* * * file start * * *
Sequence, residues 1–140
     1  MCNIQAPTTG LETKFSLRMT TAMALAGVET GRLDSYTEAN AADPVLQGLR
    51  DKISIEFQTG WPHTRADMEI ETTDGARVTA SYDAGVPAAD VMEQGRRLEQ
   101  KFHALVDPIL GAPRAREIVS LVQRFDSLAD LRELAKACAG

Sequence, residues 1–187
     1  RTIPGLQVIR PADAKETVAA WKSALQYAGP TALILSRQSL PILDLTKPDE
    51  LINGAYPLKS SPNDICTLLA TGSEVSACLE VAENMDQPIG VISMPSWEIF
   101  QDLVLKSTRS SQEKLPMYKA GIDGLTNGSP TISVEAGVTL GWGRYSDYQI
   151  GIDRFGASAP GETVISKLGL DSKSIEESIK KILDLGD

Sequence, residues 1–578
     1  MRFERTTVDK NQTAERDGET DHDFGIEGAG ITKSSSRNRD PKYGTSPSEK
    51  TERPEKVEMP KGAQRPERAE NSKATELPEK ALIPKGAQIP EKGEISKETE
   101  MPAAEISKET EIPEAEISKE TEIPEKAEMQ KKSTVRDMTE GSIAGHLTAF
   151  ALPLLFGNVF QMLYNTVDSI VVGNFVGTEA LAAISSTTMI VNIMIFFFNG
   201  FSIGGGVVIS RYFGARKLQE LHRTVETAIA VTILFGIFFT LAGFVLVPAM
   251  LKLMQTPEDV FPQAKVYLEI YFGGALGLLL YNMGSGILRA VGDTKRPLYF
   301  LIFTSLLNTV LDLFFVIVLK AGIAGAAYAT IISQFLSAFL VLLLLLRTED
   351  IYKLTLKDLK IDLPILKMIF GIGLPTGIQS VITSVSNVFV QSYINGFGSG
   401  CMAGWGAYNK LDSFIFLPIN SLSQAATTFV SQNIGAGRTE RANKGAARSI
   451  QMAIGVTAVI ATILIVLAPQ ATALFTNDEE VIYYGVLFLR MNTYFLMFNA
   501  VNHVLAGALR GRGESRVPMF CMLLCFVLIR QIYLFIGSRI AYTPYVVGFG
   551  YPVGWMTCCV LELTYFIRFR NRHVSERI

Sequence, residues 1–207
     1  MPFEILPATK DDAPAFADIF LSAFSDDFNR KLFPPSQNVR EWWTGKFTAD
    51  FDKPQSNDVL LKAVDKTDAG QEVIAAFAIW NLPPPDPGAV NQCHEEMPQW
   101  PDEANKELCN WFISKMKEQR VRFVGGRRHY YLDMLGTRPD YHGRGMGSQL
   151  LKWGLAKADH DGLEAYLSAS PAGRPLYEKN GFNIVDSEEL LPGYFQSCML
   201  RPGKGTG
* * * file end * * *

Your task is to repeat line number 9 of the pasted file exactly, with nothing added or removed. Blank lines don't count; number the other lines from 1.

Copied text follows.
   151  GIDRFGASAP GETVISKLGL DSKSIEESIK KILDLGD